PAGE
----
As the war between Israel and Hamas rages on, I offer a particular perspective as an Indian Jew of Arab cultural descent. My ancestor Shalome Obadiah Ha Cohen from Syria was the first Jewish settler in Calcutta in 1796. As he prospered greatly, other Jews from West Asia came to India and then on to the Far East to make their fortunes.
During the 200 years that they were in India and across what I call Jewish Asia, which stretched from Baghdad to Shanghai, they became Anglicised and their identity transformed from Judaeo Arabic to Judaeo-British. After Independence, unsure of the future of the newly independent India, most of my community, along with many other Indians and members of minority communities, left the country to seek their fortunes elsewhere.
As an Indian Jew I am blessed and different from Jews in the rest of the world as we have never faced anti-semitism. Being Jewish is one of my many identities that I can embrace fearlessly. After the Holocaust, European Jews had to flee their homes and find refuge in Israel, the reason why the nation was founded, and the only country that accepted them and that they could call home. Arab Jews, who have lived in West Asia for thousands of years and were culturally Arab (as were my ancestors), had to flee their homes when Israel was formed. We, Indian Jews, never faced this predicament.
While Jews did face persecution in West Asia, this was not an ongoing phenomenon. However, the Baghdadi Jewish community of India – made up of Jews from many countries of West Asia East who followed the liturgy of Baghdad, a seat of Jewish learning – grew much larger as Jews from Baghdad fled persecution they faced under Daud Pasha, who ruled Iraq from around 1814-1831. In fact, David Sassoon, the leader of the Bombay Baghdadi Jewish community, fled Baghdad at that time and made his fortune in India.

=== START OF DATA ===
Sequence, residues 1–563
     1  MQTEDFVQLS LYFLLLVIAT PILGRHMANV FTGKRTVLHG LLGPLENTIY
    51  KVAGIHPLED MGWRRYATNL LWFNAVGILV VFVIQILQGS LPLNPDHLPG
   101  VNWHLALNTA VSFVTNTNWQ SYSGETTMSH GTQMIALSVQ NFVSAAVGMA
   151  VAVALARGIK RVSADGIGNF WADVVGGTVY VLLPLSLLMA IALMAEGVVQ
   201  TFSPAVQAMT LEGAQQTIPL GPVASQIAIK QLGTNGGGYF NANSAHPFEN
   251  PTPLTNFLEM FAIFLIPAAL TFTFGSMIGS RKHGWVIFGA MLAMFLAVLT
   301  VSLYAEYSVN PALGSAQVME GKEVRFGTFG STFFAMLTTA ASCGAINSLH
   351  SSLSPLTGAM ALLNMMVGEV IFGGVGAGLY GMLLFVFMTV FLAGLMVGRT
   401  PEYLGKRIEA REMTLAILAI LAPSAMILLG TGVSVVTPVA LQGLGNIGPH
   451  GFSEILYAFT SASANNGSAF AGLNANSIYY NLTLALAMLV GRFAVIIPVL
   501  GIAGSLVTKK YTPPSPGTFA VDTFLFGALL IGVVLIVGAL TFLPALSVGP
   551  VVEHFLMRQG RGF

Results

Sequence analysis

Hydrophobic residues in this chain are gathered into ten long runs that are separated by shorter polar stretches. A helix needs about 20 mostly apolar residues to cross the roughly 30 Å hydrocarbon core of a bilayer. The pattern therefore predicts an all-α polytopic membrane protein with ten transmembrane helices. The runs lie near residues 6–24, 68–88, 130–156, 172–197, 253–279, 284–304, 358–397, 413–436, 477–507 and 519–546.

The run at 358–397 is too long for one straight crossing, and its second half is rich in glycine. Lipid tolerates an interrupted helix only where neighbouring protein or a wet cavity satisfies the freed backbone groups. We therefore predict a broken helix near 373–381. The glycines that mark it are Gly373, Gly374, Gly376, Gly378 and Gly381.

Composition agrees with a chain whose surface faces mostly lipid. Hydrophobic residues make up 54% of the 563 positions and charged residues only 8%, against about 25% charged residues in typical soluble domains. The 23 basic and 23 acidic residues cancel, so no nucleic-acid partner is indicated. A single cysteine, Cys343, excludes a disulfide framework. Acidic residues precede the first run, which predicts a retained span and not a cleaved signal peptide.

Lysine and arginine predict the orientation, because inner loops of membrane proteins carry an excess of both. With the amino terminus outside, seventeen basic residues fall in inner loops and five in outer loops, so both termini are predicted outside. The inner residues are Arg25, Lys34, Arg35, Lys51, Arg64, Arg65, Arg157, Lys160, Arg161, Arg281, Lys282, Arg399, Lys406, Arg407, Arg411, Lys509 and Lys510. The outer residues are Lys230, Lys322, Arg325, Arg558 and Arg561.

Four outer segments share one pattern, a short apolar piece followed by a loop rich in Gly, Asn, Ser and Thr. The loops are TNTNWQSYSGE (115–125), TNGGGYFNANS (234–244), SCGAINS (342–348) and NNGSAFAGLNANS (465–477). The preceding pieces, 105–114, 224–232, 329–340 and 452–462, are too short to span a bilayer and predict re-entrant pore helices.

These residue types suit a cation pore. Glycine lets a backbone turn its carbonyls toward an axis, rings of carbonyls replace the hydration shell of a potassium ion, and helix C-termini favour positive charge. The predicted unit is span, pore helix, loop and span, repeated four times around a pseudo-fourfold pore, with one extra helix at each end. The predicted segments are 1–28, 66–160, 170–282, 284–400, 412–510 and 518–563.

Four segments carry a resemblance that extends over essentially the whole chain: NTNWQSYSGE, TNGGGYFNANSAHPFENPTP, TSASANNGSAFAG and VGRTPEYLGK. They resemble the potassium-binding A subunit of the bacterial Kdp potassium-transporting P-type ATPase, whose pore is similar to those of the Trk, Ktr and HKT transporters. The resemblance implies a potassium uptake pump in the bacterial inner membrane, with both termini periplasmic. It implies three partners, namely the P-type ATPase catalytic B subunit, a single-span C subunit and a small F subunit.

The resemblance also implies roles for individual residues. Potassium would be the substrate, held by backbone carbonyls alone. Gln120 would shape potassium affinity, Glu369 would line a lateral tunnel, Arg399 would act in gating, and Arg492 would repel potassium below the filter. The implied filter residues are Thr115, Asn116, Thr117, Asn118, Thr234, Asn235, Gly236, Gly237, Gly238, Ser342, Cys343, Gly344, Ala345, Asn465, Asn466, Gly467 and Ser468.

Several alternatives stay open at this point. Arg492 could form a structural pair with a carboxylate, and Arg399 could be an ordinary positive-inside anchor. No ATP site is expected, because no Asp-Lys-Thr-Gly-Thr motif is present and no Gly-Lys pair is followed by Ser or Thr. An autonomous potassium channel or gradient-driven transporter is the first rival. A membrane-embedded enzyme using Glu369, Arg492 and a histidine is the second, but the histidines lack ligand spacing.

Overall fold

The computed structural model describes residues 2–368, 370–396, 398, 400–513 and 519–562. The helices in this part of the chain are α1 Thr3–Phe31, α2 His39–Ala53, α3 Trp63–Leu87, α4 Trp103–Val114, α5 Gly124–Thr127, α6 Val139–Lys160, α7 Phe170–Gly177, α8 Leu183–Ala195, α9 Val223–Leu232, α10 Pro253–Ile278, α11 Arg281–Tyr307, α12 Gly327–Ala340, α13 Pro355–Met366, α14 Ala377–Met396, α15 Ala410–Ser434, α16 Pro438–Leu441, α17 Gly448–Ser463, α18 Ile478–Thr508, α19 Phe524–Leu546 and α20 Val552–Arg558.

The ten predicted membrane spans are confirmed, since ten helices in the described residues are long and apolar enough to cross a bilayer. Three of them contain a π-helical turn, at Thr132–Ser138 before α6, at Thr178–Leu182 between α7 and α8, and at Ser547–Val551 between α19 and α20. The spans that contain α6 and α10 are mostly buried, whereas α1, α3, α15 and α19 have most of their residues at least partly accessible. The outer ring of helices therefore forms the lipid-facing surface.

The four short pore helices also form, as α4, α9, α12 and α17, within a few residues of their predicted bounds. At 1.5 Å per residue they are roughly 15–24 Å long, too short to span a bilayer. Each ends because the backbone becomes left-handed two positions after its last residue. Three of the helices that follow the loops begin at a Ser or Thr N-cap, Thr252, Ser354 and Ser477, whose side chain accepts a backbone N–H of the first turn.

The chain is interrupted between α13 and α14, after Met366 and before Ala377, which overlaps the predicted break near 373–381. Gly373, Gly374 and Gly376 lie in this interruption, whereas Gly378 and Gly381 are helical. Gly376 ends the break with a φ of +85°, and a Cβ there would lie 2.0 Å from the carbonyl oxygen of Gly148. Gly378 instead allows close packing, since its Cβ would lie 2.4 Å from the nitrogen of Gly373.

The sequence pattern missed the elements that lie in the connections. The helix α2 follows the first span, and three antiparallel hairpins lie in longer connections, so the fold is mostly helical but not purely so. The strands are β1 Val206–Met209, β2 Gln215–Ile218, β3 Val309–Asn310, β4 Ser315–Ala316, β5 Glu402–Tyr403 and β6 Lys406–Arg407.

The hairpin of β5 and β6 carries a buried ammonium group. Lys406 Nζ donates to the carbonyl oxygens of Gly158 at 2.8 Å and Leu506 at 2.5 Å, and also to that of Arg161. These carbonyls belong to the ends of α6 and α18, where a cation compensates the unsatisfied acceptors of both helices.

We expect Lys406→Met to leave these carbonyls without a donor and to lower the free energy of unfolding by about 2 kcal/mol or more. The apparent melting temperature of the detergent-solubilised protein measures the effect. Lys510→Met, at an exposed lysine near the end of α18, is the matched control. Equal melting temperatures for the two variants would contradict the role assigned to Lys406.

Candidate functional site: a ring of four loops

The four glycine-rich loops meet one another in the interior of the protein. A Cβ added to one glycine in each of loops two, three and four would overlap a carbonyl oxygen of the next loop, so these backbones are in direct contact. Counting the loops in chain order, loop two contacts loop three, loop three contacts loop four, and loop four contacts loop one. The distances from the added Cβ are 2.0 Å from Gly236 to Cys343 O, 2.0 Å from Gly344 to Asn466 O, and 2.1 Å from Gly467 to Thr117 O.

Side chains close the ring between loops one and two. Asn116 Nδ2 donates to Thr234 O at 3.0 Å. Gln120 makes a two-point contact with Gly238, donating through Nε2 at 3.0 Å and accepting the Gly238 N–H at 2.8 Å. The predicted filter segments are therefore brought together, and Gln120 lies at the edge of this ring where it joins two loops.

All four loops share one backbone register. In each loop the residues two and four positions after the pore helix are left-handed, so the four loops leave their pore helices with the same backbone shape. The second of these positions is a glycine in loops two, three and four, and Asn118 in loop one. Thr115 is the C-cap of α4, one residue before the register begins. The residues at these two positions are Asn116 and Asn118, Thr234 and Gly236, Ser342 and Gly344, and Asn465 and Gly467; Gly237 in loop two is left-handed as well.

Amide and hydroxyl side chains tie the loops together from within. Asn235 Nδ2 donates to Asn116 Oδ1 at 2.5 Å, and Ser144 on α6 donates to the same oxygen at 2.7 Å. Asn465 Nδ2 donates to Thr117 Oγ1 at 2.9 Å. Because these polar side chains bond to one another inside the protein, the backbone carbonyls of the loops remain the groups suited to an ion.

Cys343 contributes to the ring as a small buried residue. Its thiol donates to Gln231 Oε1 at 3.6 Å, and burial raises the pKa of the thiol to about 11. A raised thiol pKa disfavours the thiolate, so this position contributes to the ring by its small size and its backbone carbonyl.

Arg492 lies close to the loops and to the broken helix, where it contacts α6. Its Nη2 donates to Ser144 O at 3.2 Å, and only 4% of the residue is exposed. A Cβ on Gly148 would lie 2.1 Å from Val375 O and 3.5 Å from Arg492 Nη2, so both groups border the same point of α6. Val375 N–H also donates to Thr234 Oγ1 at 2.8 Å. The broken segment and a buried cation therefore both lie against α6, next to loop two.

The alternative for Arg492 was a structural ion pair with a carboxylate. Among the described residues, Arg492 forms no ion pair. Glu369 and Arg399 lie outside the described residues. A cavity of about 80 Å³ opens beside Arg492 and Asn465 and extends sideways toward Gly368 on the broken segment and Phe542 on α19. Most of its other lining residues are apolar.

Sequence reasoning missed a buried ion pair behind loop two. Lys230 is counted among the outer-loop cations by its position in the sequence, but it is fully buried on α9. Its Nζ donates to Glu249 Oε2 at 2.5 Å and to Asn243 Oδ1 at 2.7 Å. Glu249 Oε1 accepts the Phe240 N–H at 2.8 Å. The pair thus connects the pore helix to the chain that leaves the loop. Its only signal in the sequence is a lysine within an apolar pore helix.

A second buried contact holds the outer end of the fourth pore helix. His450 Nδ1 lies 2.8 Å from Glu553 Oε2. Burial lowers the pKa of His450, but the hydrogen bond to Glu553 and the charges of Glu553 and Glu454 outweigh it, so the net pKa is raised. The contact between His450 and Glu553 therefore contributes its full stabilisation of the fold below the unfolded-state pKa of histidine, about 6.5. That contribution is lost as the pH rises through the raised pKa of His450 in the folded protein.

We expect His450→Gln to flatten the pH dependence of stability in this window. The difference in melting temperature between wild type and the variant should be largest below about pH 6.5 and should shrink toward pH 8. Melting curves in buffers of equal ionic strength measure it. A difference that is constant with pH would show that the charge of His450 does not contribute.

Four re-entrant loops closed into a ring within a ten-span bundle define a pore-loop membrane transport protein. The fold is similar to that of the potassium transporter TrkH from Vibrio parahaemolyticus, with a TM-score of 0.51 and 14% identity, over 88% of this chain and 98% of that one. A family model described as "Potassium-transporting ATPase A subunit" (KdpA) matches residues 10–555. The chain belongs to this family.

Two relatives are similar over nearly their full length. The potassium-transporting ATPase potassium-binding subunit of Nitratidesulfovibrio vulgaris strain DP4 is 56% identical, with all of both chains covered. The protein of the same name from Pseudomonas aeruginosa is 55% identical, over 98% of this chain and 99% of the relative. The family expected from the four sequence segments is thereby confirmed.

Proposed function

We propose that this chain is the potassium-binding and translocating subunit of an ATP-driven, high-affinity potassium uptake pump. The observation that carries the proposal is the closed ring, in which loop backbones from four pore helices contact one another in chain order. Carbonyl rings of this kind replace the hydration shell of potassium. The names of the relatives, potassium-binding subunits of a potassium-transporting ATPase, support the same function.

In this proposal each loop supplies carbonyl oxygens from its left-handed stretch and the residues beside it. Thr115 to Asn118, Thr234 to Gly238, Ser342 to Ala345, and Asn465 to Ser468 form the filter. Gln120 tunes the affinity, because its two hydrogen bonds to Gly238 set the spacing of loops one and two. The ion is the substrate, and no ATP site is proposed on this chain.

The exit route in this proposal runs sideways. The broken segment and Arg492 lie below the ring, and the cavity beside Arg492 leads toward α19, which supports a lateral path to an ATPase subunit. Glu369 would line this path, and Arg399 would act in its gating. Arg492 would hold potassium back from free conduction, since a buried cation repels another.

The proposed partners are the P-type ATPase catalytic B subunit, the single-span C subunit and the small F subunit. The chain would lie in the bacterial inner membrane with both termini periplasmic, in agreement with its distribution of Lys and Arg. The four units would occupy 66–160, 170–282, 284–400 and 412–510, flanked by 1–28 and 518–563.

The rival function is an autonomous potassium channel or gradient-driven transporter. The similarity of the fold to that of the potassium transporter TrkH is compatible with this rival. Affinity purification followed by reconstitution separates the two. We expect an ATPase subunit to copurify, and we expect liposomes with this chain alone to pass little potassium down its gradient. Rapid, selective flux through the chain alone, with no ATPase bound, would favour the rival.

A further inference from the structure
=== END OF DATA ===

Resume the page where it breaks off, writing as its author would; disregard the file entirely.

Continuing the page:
Today, my heart breaks witnessing the agony faced by so many civilians, especially women and children, in Gaza. As a Jew, I mourn the loss of these lives.
I long for an end to this unprecedented bloodshed. I was sickened by the brutal attack on men, women, and children in the border towns of Israel by a bloodthirsty Hamas. I was traumatised that this dastardly attack by Hamas was celebrated by some who called for death to Jews.
I was disheartened to learn that the rape and mutilation of Israeli women was not condemned by women’s groups and the United Nations Development Fund for Women.
I cringe in shame when some Israeli politicians call Palestinians “animals”, or “vermin.”
Polarised discourse and social media messages flood my Facebook page – many from people I respect and are my friends. One can be critical of both Hamas and the Benjamin Netanyahu-led Israeli government without being anti-semitic or an Islamophobe. I admit being taken aback by the very one-sided frames used to denounce Israel and the messaging that challenges Israel’s right to exist. I see the imperative of holding many truths at once.